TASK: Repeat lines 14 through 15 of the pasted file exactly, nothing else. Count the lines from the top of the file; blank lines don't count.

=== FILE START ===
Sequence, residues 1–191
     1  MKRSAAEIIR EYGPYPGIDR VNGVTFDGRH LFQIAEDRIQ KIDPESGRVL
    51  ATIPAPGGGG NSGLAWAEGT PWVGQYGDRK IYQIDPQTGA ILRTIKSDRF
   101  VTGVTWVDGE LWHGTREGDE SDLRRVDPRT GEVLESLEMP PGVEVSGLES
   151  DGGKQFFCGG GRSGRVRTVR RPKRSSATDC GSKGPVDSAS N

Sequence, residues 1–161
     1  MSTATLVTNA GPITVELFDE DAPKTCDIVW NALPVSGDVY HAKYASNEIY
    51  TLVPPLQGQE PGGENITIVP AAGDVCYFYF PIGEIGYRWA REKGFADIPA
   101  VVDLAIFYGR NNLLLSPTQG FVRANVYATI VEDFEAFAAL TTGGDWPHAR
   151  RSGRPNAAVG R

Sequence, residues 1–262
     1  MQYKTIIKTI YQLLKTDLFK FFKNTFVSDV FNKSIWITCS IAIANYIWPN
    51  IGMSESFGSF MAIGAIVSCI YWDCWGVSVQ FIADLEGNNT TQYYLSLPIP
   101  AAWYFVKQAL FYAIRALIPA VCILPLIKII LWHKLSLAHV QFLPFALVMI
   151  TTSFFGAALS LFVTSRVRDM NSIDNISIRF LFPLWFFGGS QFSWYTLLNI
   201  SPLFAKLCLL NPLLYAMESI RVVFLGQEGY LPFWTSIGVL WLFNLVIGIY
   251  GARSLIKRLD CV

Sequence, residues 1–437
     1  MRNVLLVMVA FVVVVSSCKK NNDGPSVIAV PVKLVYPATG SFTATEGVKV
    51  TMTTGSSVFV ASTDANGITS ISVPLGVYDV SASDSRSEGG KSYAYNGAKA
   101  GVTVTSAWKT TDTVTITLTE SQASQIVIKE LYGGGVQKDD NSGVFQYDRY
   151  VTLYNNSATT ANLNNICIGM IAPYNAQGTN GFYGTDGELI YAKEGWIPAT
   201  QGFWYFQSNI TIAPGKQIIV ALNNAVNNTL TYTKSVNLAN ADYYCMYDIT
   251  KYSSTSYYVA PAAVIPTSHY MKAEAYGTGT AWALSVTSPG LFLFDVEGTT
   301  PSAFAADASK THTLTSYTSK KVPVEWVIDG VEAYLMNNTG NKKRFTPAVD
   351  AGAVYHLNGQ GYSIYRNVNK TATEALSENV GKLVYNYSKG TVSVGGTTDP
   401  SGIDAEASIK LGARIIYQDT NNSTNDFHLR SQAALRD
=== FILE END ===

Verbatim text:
   101  AAWYFVKQAL FYAIRALIPA VCILPLIKII LWHKLSLAHV QFLPFALVMI
   151  TTSFFGAALS LFVTSRVRDM NSIDNISIRF LFPLWFFGGS QFSWYTLLNI